El Bolsón is a small town on Ruta #40. (With a surprising amount of traffic!) The main square and several buildings around the center are charming, while along the main through fare, an abundance of bakeries, deli and cheese stores tempt one to buy too much. We should not stay too long here! Already a while ago, our South American insurance agent had invited us to visit their farm/campground not far north of El Bolson, so we made that our next stop. We reached it over an extremely bumpy road, when – fate has it- I forgot to lock one upper cabinet door and a heavy glass bowl fell out, shattered on, and broke our sink cover: during our seven- some years of travel this was only the second time this happened. !Always check the locks of your cabinets before driving!

The farm, embraced by mountains on both sides, stretched along a stream lined with green trees and bushes. Most of the land was naturalized, somewhat controlled by the grazing of a small flock of sheep and a family of rabbits. From an elevated viewpoint you could see a multitude of green circles in their dry grassland, created by a sprinkling system. Three years ago a forest fire nearly destroyed all the work done to the land, the life stock, and the buildings. Since that time they try to keep the worst of the drought out by diverting a water source into the sprinklers. We enjoyed a couple of quiet days by ourselves, and evenings in good company of our hosts Klaus and Claudia.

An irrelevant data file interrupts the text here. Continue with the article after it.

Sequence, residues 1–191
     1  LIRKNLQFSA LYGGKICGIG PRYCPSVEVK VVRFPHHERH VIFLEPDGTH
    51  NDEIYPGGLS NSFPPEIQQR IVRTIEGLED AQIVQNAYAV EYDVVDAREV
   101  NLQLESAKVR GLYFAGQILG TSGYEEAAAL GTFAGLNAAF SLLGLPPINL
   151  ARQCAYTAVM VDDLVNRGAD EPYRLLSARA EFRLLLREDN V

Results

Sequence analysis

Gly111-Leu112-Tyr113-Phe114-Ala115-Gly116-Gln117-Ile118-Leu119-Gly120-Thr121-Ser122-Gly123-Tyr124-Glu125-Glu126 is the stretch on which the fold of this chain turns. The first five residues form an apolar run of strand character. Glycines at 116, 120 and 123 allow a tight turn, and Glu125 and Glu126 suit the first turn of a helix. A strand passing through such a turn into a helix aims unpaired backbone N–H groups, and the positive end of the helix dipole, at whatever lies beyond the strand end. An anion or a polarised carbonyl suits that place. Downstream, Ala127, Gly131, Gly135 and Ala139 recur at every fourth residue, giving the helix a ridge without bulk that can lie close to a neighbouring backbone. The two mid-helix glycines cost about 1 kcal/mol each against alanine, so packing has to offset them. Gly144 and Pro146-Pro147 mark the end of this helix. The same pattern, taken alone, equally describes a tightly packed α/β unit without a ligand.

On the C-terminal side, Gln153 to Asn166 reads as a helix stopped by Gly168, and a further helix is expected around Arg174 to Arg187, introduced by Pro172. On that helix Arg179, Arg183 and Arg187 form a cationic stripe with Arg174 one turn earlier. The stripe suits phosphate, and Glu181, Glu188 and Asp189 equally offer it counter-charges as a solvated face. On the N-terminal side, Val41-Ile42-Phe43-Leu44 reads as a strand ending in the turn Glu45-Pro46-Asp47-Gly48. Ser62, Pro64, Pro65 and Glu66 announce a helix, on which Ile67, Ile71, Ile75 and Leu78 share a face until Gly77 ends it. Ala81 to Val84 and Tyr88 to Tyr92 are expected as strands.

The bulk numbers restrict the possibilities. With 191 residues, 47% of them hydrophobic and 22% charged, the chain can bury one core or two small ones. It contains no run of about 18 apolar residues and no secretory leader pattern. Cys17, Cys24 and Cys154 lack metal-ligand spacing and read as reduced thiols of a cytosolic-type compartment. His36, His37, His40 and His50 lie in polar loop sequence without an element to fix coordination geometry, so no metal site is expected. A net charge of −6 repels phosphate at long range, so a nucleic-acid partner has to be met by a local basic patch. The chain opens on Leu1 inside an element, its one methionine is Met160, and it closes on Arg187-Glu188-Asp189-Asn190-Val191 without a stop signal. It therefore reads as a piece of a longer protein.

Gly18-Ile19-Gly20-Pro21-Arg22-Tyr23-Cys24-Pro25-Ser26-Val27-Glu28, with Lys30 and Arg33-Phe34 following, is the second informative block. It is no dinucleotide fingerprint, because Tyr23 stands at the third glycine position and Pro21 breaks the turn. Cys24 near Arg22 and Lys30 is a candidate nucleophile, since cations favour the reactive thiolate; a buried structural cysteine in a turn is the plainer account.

It was time to revisit Bariloche; the town that used to be the pearl of Argentina back in 1978. Back then, every Argentinian we met asked us what we thought of their country, and asked if we’d been to Bariloche yet – we should defenitly visit – which we did, just before crossing into Chile. From that time, I remember the beautiful mountain scenery with poplars in their golden autumn glory, with bushes full of rosehip and clearwater creeks. Of Bariloche I remembered the German/Swiss Alpine building style, with lots of natural wood and balconies, and their chocolate – you could not leave without buying some. How it had changed: the chocolate was still popular, but Bariloche had become a rather ugly city with hectic traffic and a terrible reputation of petty crime. We heard so many warnings, never to leave your vehicle unattended. We heard from fellow travellers that had their window shattered and camera equipment stolen when shopping for groceries, or of some, even when in the car, that had their door locks broken… We decided this time for an expensive campground, and not to stay longer than necessary. By then the temperature had dipped to  13⁰C (30⁰ Fahrenheit dip from the week before) with freezing winds throwing up white caps on the otherwise beautiful blue lake bordering Bariloche. We were ready for the last leg of our Argentinian trip, along the 7 lakes (actually 13) in the Andean mountain range north of Bariloche. And hopefully some more summer weather.